Big question hangs over Richt, Bulldogs

semerson@macon.comSeptember 7, 2011 

ATHENS -- Orson Charles literally gulped as the question was asked. It was a heavy, difficult question that plenty of other Georgia football players were getting: Did they feel they were playing for their head coach’s job?

“There’s a lot of talk, like you said, that Coach (Mark) Richt is on the hot seat,” Charles said. “I really hate hearing about that. But we’ve just gotta go out there and just compete.”

Richt’s job status was a big subject the entire offseason, and it has moved quicker to the front burner after Georgia’s performance in a 35-21 loss to No. 5 Boise State to open the season.

The loss itself wasn’t shameful. But the Bulldogs looked overmatched despite an offseason overhaul of their locker room, strength and conditioning program and an infusion of talent.

The result was that Georgia fell from No. 19 to unranked in the Associated Press poll released Tuesday. And Richt found himself asked twice in his weekly news conference about the importance of Saturday’s game against No. 12 South Carolina to his future and the program.

“I view it as a very important game,” Richt said, leaving his answer to those eight words the first time he was asked.

Later, another reporter followed up by asking if this was a “must-win” for him.

“Didn’t I just say it’s a really important game?” Richt answered.

“But do you think it’s a must-win,” said the reporter from The State newspaper in Columbia, S.C..

“I think it’s a really important game,” Richt said. “Do you want to ask me again? Because you can, and I’ll give you the same answer.”

The exchange was witnessed by Vince Dooley, who as Georgia’s athletics director hired Richt on Dec. 26, 2000. The current athletics director, Greg McGarity, has remained supportive of his embattled coach, although careful not to engage in public votes of confidence.

Richt’s players didn’t appear too comfortable having to field the questions, either.

“You (can’t) start worrying about everything else, like, ‘Oh, is coach going to lose his job,’ or ‘Is this or that gonna happen, what’s everybody gonna say about us after the game, is this gonna start the slide like we had last season,’ ” senior tight end Aron White said. “You start worrying about stuff like that, and you lose focus. And right now we need to be completely focused. We have a great team coming in to play us.”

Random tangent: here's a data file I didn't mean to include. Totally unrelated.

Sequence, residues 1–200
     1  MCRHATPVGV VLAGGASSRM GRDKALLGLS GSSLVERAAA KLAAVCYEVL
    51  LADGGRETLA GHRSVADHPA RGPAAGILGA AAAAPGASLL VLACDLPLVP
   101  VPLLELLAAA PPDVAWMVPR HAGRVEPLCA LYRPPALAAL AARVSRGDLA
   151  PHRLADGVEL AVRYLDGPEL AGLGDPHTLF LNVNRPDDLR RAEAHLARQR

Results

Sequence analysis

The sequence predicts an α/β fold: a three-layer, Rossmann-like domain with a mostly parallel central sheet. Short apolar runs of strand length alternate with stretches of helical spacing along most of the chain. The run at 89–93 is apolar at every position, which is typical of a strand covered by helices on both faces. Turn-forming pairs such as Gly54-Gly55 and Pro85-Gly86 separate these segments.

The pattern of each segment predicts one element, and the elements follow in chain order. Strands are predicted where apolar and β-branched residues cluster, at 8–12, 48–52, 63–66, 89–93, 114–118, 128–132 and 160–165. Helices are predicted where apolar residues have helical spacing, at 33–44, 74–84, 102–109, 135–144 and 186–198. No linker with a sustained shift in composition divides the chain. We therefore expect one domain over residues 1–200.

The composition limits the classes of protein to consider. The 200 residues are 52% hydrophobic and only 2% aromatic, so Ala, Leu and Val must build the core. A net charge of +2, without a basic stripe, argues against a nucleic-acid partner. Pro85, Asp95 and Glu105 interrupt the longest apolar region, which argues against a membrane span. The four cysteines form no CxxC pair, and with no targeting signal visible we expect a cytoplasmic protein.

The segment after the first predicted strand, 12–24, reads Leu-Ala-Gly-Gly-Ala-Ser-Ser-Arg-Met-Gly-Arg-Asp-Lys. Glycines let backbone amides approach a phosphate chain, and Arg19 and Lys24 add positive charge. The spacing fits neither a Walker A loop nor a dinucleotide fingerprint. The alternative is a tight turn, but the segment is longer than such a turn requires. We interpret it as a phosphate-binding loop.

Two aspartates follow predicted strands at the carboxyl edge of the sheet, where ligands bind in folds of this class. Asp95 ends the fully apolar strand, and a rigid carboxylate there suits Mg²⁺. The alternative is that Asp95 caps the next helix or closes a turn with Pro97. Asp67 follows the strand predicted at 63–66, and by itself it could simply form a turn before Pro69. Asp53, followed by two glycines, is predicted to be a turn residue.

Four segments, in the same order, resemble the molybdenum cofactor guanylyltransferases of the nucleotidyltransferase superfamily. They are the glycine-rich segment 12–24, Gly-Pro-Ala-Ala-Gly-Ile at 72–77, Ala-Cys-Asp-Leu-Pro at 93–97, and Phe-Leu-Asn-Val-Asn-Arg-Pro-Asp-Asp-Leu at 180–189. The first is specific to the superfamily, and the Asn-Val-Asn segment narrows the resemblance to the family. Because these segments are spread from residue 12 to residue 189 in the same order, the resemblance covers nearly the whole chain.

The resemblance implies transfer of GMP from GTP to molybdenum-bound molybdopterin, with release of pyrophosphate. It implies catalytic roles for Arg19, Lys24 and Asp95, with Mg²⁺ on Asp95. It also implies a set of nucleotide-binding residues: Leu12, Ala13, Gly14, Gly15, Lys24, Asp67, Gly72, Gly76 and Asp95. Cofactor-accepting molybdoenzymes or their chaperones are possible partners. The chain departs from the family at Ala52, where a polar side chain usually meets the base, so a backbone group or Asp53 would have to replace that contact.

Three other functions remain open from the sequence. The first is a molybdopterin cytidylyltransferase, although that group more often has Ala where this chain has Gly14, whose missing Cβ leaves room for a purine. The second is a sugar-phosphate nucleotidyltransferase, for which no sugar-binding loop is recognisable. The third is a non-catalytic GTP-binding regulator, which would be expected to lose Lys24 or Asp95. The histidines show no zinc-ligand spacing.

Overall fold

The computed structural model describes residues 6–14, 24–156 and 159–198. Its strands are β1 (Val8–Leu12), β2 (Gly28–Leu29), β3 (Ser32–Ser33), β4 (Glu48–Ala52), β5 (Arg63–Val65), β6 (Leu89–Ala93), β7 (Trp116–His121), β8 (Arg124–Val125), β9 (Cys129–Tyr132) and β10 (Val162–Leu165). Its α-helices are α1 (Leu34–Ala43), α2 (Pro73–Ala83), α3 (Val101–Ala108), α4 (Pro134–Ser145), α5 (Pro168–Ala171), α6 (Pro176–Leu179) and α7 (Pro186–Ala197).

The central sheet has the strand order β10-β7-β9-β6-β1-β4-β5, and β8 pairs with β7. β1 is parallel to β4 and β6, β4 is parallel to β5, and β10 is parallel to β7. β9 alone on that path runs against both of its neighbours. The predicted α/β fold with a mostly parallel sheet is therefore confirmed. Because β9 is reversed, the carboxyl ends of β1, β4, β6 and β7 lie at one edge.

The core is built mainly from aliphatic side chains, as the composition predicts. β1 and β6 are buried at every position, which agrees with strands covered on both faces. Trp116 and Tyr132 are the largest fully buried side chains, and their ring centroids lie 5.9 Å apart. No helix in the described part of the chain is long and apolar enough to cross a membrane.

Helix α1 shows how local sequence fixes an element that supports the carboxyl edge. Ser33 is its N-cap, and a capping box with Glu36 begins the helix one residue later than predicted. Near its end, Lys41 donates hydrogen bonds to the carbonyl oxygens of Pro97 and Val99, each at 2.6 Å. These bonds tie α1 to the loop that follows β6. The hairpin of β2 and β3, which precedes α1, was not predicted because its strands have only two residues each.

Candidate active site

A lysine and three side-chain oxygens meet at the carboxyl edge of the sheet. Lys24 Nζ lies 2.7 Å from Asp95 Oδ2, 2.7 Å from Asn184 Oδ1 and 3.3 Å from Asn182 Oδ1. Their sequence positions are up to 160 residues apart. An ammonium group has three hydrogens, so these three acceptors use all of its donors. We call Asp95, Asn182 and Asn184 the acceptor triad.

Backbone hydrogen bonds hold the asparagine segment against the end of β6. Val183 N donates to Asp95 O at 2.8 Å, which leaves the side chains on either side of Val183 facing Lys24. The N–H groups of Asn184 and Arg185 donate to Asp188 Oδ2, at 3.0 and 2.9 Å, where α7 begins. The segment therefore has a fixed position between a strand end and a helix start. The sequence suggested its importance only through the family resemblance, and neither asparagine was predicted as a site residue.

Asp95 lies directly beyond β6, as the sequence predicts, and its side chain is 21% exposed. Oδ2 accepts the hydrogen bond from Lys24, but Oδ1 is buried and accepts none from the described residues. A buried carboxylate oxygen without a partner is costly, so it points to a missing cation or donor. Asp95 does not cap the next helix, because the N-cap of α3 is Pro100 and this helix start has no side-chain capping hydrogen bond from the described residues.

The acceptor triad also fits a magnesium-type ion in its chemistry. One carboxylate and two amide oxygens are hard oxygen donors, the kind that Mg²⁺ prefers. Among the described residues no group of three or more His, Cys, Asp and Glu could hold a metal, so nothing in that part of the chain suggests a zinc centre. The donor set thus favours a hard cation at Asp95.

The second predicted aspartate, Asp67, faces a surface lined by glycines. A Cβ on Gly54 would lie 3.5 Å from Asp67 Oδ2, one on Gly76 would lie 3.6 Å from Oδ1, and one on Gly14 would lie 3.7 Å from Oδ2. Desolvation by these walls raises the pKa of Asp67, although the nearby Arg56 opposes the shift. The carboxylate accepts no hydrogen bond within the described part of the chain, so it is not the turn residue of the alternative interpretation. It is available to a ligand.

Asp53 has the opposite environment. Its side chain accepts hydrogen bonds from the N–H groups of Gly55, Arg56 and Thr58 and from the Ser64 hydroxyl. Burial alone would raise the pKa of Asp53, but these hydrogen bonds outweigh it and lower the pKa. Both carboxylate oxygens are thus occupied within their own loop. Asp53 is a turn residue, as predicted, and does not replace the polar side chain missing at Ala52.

The players and Richt preferred to focus on the Gamecocks, and the fact that a win against them could turn around the public perception of the Bulldogs.

For the moment, the players are well aware of the current feeling of their own fans. Junior linebacker Christian Robinson said he got “nasty” comments from fans on Twitter following the loss to Boise State and decided to take a one-week hiatus from the social network. White announced he was also staying away from football-related Twitter comments.

Even Bulldogs head men’s basketball coach Mark Fox felt the need to post a supportive comment on Twitter.

“Our country is very divided & that’s not working too well,” Fox wrote. “The Dawg nation can’t be. Let’s all fight forward & support this team.”

The fans may be in need of a calm hand, but steadiness, not urgency, seemed to be the focus of the players. They emphasized the importance of not panicking after one game while acknowledging that the fans probably feel a carryover from last year’s 6-7 record.

“I think if we’d have had a better year last year and we’d opened up with this loss, I think things would be a little different,” White said. “I don’t think as many people would’ve jumped to criticize and speak negatively. But I think coming off a losing season, I guess it was the first losing season in 14 years here at Georgia or something like that, and then opening up with a loss, that’s never good.

“You’re here every day, living it every day and seeing everything your teammates are putting into it, and to have people tear it down in a day because you had an off game and you lost to a good team, it hurts, and it’s obviously going to stir some emotion. But it’s to be expected; they care about the team the same way we do.”

The Telegraph is pleased to provide this opportunity to share information, experiences and observations about what's in the news. Some of the comments may be reprinted elsewhere in the site or in the newspaper. We encourage lively, open debate on the issues of the day, and ask that you refrain from profanity, hate speech, personal comments and remarks that are off point. Thank you for taking the time to offer your thoughts.

Commenting FAQs | Terms of Service